Each leg 12 of tripod 10 is comprised of three separable interlocking segments of elongated rigid tubular members; a first or top leg segment 24, middle leg segment 26, and a third oz bottom leg segment 28. Each leg segment 24, 26, and 28 has a first end 30 and an oppositely disposed second end 32. A short section of first end 30 of each of the three first leg segments 24 is flattened and has one lengthwise edge cut diagonally, with the diagonal edge 34 angling upwardly and inwardly to terminate in a narrow apex shown best in FIG. 3. The flattened first end 30 of leg segment 24 also contains a central aperture 21 therethrough. The diagonal edge 34 of each first leg segment 24 is permanently and pivotally affixed one between the two plates forming brackets 18 on collar 14. The pivotal affixment of each leg segment 24 to a bracket 18 is inexpensively made by a rivet 19 passed through apertures 23 of brackets 18 and aperture 21 located in first end 30 of each first leg segment 24. Other attachment structures could be used other than rivets 19, such as nuts and bolts for example, to hingidly attach each leg 12 to collar 14. Diagonal edge 34 is positioned facing collar 14, and rivets 19 allows each first leg segment 24 to be pivoted outward and inward as desired, with the outward pivotal distance being limited by the abutment of the upper tip of diagonal edge 34 against the exterior surface of collar 14 located between each bracket 18 as may be ascertained from FIG. 1 and 2.
Second end 32 of first leg segment 24, is structured for releasable connection to first end 30 of middle leg segment 26, with second end 32 of middle leg segment 26 structured for releasable attachment over first end 30 of bottom leg segment 28. The bottom or distal end of each bottom leg segment 28 contains an end plug 36 preferably made of resilient plastic, shown in FIG. 3. End plug 36 serves to prevent accumulation of dirt inside of bottom leg segment 28, and to help prevent legs 12 from sinking into soft or wet soil. End plugs 36 also help prevent injury to the user and damage to deck surfaces by covering the sharp edges of the openings of second ends 32 of bottom leg segments 28.
Releasable attachment of leg segments 24, 26, and 28 to each other are provided by spring biased holding snaps. Each holding snap is comprised of a V-shaped spring 38 positioned within each end 30 of legs segments 26 and 28. The two terminal ends of spring 38 are apertured, with each aperture having residing therein, a ball 40, best shown in FIG. 3A. Spring 38 is positioned within a reduced diameter shouldered portion 42 located on first end 30 of middle leg segment 26 and bottom leg segment 28. Each reduced diameter shouldered portion 42 contains two oppositely disposed apertures through which balls 40 partially project. The diameter of balls 40 is greater than the diameter of the apertures in spring 38 in which they reside, and greater in diameter than the apertures within reduced diameter shouldered portion 42 through which they partially extend. Reduced diameter shouldered portion 42 of first end 30 of middle leg segment 26 releasibly inserts into second end 32 of first leg segment 24, and reduced diameter shouldered portion 42 of first end 30 of bottom leg segment 28 is sized for releasable insertion into second end 32 of middle leg segment 26. The shouldered or widest portion of reduced diameter shouldered portion 42 prevents excessive telescopic insertion of the leg segments into each other. Once connected, balls 40 of reduced diameter shouldered portion 42 can be rotatably aligned to project through corresponding apertures 39 in second ends 32 of first leg segment 24 and middle leg segment 26 so as to retain the leg segments together as may be ascertained from FIG. 1, 3 A and 3. To release leg segments 26 and 28 from connection with the corresponding leg segment 24 and 26 respectfully, each leg segment 26 or 28 is rotated slightly by hand, which depresses spring 38 and balls 40 dislodging the tips of balls 40 housed within the apertures 39. Each leg segment 26 and 28 is then simply pulled free from the connecting leg segment 24 and 26, respectfully, and spring 38 maintains balls 40 in place within reduced diameter shouldered portion 42 of first end 30 of leg segments 26 and 28. Other similar and readily available snap or compression type fittings are anticipated as being suitable for connecting the leg segments together. Tripod legs which are not separable into segments, but instead were capable of telescoping into short connected lengths would be suitable within the scope of the invention, however would probably be slightly more expensive to manufacture than the above described separable legs 12.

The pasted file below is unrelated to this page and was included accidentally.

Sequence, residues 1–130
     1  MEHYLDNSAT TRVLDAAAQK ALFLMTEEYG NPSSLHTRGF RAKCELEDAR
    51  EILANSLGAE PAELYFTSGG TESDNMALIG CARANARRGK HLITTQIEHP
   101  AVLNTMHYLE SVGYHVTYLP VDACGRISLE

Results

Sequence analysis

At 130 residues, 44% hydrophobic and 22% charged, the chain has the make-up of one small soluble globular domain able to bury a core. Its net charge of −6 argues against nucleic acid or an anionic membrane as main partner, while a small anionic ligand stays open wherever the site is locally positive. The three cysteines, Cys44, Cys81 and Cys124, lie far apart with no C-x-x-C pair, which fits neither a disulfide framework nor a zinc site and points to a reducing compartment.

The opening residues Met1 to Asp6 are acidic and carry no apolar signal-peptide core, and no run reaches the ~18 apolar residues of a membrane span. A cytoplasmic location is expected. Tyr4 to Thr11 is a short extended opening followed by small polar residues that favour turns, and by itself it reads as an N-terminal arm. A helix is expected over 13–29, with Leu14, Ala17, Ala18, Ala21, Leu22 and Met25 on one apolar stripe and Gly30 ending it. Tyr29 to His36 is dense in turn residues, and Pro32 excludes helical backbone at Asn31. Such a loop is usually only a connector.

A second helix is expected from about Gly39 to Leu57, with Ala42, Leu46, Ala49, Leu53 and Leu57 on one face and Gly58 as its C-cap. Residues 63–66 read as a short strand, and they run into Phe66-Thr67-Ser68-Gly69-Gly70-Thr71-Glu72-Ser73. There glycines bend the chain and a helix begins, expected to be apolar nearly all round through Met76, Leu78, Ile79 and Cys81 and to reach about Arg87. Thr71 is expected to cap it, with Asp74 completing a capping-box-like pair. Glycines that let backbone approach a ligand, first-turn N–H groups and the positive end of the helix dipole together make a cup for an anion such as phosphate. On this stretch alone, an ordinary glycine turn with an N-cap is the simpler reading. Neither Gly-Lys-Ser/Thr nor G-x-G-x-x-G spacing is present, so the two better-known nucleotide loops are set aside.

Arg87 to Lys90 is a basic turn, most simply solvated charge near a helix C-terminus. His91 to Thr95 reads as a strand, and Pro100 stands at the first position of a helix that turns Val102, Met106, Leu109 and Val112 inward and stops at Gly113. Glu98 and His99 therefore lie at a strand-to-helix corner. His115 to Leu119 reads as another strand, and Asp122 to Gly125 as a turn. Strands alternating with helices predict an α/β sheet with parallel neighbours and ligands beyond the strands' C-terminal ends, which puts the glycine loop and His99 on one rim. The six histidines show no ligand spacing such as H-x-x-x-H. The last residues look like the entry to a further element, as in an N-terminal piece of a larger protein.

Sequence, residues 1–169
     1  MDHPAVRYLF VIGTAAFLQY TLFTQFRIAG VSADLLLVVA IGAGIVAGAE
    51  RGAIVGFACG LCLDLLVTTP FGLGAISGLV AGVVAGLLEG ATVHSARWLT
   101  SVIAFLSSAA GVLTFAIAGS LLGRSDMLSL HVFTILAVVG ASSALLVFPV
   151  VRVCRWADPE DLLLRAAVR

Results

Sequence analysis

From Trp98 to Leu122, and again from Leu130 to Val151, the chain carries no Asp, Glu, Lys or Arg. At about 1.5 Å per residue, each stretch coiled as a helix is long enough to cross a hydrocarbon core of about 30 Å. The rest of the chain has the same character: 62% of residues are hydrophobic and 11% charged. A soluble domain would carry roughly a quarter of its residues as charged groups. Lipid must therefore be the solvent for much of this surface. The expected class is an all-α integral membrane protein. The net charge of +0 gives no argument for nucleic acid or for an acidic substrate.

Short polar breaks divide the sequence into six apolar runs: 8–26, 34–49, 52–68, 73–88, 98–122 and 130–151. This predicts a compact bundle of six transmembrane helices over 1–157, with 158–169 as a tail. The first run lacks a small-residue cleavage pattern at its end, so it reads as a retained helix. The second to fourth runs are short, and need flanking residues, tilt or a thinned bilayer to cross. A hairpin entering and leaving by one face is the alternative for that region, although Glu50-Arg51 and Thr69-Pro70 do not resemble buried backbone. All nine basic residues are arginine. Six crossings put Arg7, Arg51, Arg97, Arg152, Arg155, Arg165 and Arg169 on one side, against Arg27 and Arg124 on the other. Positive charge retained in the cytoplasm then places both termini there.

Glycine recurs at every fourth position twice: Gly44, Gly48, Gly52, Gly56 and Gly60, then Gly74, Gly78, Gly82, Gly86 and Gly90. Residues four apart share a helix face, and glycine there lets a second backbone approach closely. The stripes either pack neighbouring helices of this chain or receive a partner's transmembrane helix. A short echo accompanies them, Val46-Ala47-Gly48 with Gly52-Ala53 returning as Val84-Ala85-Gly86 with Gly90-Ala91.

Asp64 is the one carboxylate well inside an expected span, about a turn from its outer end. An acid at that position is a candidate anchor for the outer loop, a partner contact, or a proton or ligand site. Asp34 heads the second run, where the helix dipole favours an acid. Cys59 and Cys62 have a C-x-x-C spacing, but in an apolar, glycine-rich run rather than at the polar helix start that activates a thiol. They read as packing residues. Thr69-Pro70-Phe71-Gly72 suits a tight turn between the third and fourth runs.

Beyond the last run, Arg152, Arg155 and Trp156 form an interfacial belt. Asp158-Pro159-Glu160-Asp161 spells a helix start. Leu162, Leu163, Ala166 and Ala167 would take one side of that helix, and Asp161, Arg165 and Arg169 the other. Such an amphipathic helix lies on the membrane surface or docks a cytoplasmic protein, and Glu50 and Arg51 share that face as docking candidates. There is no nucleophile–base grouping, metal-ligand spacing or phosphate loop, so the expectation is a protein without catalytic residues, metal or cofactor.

Legs 12 when fully assembled and attached to collar 14 may be separated from each other for increased stability of tripod 10 by way of outward pivoting on rivets 19 to set tripod 10 upright as shown in FIG. 1. With tripod 10 in the upright position, legs 12 extend angling outward from collar 14 with the outward angling providing widening spacing between each of the legs 12 for increased stability, while at the same time providing space between the legs 12 to place a fire and to suspend food holding equipment.